When I was teaching in the local parent partnership program, Calvert Homeschool was considered the cream of the crop when it came to boxed curriculum. They were the best of the best. If unboxing videos had been a thing back then, we definitely would have drooled over watching them unpack all the amazing books, helpful lesson plans, and additional tools.
And though I was intrigued, I never had the chance to dive into this curriculum with my kids. So, when I had the opportunity to review Calvert Homeschool Online, the name recognition caused tons of memories to come flooding back. And I knew this was a review I simply didn’t want to miss.
What Is Calvert Homeschool Online?
An online curriculum, Calvert has individual and family plans available. I received 6-months of access to their family plan, which meant I could enroll up to three of my students. After looking over the available grade levels and courses, I decided to have my high school senior and my fifth grader try this program.
I had my senior take two courses, Economics and Government. My fifth grader, I signed up for a below level language arts course, as he needed to review some basic grammar concepts, and continue working on reading comprehension.
There were plenty of other courses available, those are just the ones I selected. There are courses for students in grades 3-12, and there are also placement tests, so you can see which courses would be a good fit for your students.
Once I got my parent login information, I was able to create student accounts for the two kids I was having try Calvert Homeschool Online. They were both linked to my account, so I could easily switch between them and set everything up from my dashboard.
After creating their accounts, I was able to select which classes I’d like them to take. I also:
- Assigned the courses (picked the start date, end date, and how many days a week assignments should be due)
- Changed settings to activate or deactivate elements of the program
- Set the preferences for tests and quizzes on how much of the previous material they could access, and how much feedback they got
There were a few other options to play around with, but that’s all I did before calling my kids in to get started.
How Did We Use This Program?
I set the kids up to work on the program three days a week. Originally I went with four, but we’re doing more travel these days on deputation, and four days was hard. But, when we were home, I had them do four days a week anyways.
The program automatically assigned due dates based on the number of lessons and how many days they were working. That was nice. You can also make changes to the setup, so if you realize that what you picked originally won’t work, you can update it later.
When the kids logged in, they had their own dashboard. They could pick the theme they wanted, which was fun. My son experimented with it a bit and finally settled on the chess set. My favorite was the sea life one:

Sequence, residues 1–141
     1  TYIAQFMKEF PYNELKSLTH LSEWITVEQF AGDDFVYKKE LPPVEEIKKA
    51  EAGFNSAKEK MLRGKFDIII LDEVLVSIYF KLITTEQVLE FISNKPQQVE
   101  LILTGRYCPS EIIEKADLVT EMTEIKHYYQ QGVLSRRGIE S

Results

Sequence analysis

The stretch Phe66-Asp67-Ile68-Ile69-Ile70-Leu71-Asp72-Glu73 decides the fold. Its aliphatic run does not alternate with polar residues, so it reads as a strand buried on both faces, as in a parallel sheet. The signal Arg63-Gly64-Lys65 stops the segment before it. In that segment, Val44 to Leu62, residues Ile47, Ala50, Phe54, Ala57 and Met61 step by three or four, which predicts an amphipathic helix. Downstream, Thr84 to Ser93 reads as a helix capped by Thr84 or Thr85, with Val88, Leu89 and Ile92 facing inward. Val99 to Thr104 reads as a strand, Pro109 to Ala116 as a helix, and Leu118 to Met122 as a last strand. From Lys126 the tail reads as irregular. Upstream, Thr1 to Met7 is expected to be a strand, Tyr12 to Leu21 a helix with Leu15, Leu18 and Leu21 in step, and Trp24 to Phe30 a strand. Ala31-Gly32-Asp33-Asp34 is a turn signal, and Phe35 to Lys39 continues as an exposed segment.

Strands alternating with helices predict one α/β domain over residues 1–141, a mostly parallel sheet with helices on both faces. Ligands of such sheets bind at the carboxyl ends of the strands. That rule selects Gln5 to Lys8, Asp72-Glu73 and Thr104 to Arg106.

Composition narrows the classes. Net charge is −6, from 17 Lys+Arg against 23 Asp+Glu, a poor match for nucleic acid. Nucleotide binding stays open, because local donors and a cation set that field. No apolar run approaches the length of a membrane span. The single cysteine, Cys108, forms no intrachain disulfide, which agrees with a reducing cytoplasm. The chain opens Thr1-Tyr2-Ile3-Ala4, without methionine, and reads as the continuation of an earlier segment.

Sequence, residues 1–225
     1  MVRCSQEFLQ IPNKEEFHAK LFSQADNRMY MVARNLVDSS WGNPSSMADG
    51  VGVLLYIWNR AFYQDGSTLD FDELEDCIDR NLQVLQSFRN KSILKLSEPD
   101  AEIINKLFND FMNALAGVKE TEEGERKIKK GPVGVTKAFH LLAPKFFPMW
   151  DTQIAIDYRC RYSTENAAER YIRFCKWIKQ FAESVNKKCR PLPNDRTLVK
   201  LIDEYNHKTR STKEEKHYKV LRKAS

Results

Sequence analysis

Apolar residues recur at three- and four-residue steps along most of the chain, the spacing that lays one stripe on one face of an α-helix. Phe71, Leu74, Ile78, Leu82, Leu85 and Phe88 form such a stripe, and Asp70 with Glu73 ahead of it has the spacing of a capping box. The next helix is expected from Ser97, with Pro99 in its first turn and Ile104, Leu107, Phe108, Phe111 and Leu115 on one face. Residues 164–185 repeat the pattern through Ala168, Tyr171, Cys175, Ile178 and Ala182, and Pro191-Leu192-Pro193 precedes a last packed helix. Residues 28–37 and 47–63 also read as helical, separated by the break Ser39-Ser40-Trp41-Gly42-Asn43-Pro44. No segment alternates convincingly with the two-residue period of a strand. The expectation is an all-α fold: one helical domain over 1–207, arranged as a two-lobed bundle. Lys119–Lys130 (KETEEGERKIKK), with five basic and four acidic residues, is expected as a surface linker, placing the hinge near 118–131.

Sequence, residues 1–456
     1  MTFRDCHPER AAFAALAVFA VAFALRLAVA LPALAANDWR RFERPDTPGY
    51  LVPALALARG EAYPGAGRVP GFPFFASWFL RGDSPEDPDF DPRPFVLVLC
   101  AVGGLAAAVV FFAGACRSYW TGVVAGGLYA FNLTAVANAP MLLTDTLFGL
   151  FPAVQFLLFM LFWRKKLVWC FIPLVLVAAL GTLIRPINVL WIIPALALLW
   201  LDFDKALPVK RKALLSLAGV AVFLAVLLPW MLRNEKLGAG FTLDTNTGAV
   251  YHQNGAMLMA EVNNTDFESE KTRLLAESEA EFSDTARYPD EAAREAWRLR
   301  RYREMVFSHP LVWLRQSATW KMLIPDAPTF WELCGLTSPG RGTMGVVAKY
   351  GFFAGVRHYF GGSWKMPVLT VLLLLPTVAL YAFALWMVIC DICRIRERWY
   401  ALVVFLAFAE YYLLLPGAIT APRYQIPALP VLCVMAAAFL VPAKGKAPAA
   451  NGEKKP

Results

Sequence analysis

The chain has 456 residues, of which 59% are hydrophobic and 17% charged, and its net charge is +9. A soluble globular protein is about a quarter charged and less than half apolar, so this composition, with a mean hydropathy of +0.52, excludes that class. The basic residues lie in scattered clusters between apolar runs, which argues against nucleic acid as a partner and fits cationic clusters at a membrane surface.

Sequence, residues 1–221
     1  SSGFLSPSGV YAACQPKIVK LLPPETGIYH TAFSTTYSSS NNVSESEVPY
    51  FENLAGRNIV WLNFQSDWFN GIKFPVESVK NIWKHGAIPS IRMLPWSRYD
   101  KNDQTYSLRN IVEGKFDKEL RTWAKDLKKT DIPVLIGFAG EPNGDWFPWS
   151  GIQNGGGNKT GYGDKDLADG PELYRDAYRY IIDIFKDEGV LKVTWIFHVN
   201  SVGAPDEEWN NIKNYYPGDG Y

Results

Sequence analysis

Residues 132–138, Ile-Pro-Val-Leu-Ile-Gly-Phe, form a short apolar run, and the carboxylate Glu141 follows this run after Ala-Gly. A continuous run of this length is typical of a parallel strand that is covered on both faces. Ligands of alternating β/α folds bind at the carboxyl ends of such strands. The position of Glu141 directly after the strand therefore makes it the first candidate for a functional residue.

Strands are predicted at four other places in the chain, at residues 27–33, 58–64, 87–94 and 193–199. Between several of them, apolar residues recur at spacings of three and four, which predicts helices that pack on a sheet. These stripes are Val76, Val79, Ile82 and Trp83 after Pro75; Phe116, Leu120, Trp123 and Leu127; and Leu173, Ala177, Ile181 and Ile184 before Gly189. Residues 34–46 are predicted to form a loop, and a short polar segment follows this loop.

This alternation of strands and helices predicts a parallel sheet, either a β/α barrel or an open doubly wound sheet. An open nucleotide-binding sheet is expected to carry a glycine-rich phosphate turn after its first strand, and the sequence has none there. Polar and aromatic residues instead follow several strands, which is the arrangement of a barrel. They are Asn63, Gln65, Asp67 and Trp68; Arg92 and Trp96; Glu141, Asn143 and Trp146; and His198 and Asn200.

From their dashboard, the kids could see what lesson they needed to start. They simply clicked on the arrow next to it, and the lesson opened.
The first page contained objectives and vocabulary (you can see a screenshot of that at the top of this post.)
Then, they moved onto the actual lesson. They read the material, watched any videos, completed any activities, and then moved onto the questions.
The questions were a combination of:
- Multiple choice
- Short answer
The multiple choice and matching were graded automatically. Then, the short answer and essay questions were sent over to me for grading. I could review each answer and indicate the grade:
What Did We Think of the Program?
Content wise, the program was every bit as solid as I was hoping for. It was well presented material, and held my kids’ interest while teaching them.
However, I wasn’t as impressed with the delivery as I hoped. It was too easy to skip the reading and go straight to the questions, as students are asked at each transition page to select between:
“Read the Next Section” and “Work on the Questions.”
My senior didn’t run into as much trouble with this, but my elementary child did. It wasn’t intuitive for him, as he just wanted to get through. And skipping to the questions seems like a great idea until you realize you have no idea what they’re asking about.
There were two other things I didn’t like:
- The questions to grade opened up in a tiny section of the screen, and had to be manually changed each time to make it large enough for me to read.
- When a student submitted an assignment that needed parental grading, it showed them a terrible score, in a large pop-up style box with stars. Those ungraded questions were all counted as zeros, and it made one of my kids pretty upset when it showed they got an F when in reality I just needed to go grade it.
But, here are some things I really appreciated:
- Minimal video (at least in the courses we did) – when you live in the boonies streaming is hard, so the mostly text based lessons and power point style slides were nice
- Most of it was auto-graded, so I didn’t have to worry about it
- It was all planned out – no planning to do on my end
- The academic content was of high quality
I am going to have my daughter continue taking her courses now that the review period is over. She is learning a lot.
I will have my son continue as well, but I need to be more diligent about sitting down next to him to ensure he doesn’t get click happy and end up on the questions or quiz before he’s read the lessons.